The night before the dark, Stephen Colbert hosted Stevie Wonder so that the beloved musician could give one last impassioned plea for Americans to vote for Hillary Clinton:
So about that earlier post — titled “The New York Times inexplicably chopped this quote in half” — which accused the Times of twisting Seahawks DE Michael Bennett’s words: Mea cul…pass (?)* It turns out that when I wrote it (at some point between 3 and 4 AM), I somehow failed to notice that the gap between the NY Times and the quote I remembered was wider than I thought.**
You may have already seen the headline: “Texas College Turns Down African Students Over Ebola“. If not, here’s what went down:
CNBC spoke with Kamorudeen Abidogun, a Texas resident who had five relatives from his native Nigeria apply to [Navarro College] and use his home address for mailing purposes. “I received, last weekend, two rejection letters,” explains Abidogun, “saying the reason why they were not giving admission was … Ebola.”
Except that’s wrong. They weren’t denied admission because of Ebola. Sure, that’s what the headline claims, too — “Texas College Turns Down African Students Over Ebola“.
But compare that to the published text of the rejection letter:
Israel loves to point out how it continuously offers to cease fire in Gaza, but Hamas refuses to stop shooting:
So it appears to have finally worked out a solution to the dilemma. Today, Israel finally offered a cease fire it knew Hamas would have no choice but to accept. Via Haaretz:
Almost two years ago, Grist published a piece piggy-backing off another piece in Scientific American, alerting readers to the incontrovertible fact that “crazy living rock is one of the weirdest creatures we’ve ever seen“:
The fact that this sea creature looks exactly like a rock with guts is not even the weirdest thing about it. It’s also completely immobile like a rock — it eats by sucking in water and filtering out microorganisms — and its clear blood mysteriously secretes a rare element called vanadium. Also, it’s born male, becomes hermaphroditic at puberty, and reproduces by tossing clouds of sperm and eggs into the surrounding water and hoping they knock together. Nature, you are CRAZY.
. . .
I don’t know about you, but I’m going to be looking more carefully at rocks in the future. Also possibly trees and dirt. Who knows what apparently inanimate objects might be filled with innards and holding perverse “selfing” orgies right in front of our noses? Thanks for keeping us on our toes, nature.
But can Grist really claim to be surprised by the discovery of a living rock? After all, Disney alerted us to the possibility almost twenty years ago (I am so old):
A North Korean ship was intercepted last week attempting to traverse the Panama canal. The ship was supposed to be carrying sugar, but acting on a drug-trafficking tip, Panamanian authorities were shocked to discover an even more-unexpected cargo:
Underneath all that sugar, it turned out, were parts for what appeared to be elements of an antiquated Soviet-era missile radar system that was headed, evidently, to North Korea — a country that usually exports missile technology around the world, rather than bringing it in.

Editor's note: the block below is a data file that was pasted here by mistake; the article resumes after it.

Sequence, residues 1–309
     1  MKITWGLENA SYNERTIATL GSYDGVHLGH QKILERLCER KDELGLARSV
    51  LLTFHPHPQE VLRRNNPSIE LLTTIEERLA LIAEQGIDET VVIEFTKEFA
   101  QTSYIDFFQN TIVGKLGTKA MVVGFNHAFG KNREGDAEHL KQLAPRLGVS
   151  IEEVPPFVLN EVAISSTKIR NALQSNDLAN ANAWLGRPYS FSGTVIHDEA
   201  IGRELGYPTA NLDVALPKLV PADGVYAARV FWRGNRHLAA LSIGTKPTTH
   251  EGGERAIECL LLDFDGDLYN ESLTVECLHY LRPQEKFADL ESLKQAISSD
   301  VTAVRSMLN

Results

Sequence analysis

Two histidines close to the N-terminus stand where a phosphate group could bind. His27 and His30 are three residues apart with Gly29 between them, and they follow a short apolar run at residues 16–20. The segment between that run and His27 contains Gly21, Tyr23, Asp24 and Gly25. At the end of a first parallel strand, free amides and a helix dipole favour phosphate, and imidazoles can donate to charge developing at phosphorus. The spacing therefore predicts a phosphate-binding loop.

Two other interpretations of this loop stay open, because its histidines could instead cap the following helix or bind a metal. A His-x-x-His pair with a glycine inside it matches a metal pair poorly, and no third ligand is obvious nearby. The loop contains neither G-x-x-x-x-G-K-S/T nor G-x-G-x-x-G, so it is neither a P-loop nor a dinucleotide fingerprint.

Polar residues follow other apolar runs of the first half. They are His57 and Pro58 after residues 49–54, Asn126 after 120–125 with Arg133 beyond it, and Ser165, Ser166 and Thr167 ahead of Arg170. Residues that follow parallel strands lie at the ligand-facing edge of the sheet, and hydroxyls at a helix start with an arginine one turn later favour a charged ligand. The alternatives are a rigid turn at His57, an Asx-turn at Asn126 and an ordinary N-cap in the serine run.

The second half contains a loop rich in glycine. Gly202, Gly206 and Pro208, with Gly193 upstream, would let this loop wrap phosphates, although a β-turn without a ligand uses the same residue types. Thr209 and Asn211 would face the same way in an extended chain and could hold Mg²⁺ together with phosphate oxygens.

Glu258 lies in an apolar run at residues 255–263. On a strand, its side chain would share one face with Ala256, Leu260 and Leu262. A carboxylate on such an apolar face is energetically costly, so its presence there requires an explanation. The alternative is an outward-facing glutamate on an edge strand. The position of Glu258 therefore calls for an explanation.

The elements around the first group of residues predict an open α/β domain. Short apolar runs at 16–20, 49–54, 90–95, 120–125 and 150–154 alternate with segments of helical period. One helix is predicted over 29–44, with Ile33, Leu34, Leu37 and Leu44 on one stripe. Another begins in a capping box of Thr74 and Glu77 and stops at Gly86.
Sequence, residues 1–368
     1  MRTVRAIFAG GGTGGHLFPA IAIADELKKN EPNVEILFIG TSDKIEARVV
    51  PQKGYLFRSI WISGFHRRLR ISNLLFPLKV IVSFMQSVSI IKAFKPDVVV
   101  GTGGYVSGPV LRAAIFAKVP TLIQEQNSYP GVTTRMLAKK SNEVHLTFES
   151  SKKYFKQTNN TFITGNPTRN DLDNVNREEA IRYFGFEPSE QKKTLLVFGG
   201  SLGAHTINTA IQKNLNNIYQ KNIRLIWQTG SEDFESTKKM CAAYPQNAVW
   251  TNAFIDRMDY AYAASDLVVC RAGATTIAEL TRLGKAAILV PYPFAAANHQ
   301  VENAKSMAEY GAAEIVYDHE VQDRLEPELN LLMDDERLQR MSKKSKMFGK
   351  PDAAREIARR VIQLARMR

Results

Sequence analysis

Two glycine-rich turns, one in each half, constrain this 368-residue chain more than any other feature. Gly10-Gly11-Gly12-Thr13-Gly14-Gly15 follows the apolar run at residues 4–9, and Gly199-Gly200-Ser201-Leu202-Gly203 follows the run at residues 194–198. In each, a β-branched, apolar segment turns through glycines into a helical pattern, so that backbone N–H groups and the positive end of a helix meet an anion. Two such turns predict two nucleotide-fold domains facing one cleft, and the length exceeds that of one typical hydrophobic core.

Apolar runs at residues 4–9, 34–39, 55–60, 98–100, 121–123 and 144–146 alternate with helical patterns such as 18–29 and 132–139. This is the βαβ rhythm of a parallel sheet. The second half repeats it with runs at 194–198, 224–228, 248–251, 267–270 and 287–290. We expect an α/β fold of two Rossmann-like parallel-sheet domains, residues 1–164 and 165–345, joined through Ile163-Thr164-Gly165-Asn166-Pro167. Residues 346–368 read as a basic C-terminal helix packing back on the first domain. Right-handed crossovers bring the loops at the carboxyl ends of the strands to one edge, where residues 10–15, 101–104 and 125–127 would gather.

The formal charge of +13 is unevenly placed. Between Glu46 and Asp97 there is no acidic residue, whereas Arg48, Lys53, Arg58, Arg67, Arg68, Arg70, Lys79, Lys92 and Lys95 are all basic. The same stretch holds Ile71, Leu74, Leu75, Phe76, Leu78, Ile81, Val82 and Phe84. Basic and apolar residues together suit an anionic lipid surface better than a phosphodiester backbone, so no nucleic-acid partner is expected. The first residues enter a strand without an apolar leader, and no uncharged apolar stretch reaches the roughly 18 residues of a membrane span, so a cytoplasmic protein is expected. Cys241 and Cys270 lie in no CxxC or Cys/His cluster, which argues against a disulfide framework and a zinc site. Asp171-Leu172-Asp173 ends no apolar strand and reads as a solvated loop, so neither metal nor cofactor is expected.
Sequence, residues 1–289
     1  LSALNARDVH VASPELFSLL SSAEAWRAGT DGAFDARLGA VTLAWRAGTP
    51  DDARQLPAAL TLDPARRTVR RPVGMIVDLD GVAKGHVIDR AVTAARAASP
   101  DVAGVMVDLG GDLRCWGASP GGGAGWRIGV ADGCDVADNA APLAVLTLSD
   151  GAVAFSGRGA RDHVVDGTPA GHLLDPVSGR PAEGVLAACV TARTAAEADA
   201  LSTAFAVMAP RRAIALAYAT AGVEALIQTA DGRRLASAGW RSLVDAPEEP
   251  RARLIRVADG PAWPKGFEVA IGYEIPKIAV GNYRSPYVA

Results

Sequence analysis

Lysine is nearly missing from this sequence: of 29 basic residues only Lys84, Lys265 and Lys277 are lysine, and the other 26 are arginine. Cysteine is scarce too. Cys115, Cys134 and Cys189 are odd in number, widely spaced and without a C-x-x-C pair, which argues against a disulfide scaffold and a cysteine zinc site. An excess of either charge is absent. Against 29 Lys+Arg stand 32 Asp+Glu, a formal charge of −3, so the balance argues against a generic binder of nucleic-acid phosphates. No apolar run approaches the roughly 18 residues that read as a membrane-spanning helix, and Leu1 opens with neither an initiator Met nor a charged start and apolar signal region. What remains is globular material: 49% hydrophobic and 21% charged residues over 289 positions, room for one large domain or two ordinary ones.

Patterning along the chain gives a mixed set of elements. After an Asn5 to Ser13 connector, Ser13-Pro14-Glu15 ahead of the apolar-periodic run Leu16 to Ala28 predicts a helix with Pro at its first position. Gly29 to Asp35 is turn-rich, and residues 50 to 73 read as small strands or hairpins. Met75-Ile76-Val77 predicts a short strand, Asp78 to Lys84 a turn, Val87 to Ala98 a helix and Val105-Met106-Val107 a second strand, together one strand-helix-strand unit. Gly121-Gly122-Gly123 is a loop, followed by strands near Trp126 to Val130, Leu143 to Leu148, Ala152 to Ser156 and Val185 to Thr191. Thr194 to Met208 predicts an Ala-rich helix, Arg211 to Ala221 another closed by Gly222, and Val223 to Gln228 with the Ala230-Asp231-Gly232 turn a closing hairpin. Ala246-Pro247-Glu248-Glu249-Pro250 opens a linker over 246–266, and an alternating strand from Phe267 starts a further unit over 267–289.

Late Tuesday night, Cuba’s Ministry of Foreign Affairs issued a statement saying the cargo stashed in the vessel, the Chong Chon Gang, consisted of “240 metric tons of obsolete defensive weapons” bound for North Korea, where it was to be repaired and then sent back to Cuba.
“We’re talking old,” one official briefed on the episode said. “When this stuff was new, Castro was plotting revolutions.”
The Cuban Ministry did not seem to be offended, describing the equipment to be repaired as “two antiaircraft missile complexes, Volga and Pechora; nine missiles in parts and spares, two MiG-21bis and 15 motors for this type of airplane, all of it manufactured in the mid-20th century.”
I guess a half century of embargoes and the loss of Soviet allies can really dry up that weapons pipeline.
When inspectors boarded the vessel looking for drugs, they became suspicious after the situation quickly escalated to a “violent standoff between Panamanian marines and 35 North Korean crew members, armed largely with sticks*, who were subdued and arrested while their captain, claiming he was having a heart attack, tried to commit suicide.” Specifically, according to Newser, he tried to slit his throat with a knife.
*To be fair, when you’re using stone age weaponry, Korean War-era armament can look rather attractive.
Why the seemingly drastic reaction? Yes, the captain must go down with his ship, but last week was hardly the first time this particular North Korean vessel has been intercepted:
The Chong Chon Gang, a 36-year-old freighter, has its own peculiar history, and this was not the first time the vessel had encountered run-ins with maritime authorities. It was stopped in 2010 for carrying narcotics and ammunition, Mr. Griffiths said. He also said it had been attacked by Somali pirates.
So what exactly was the captain afraid of? As it turns out, he had good reason to fear the potential repercussions of his capture: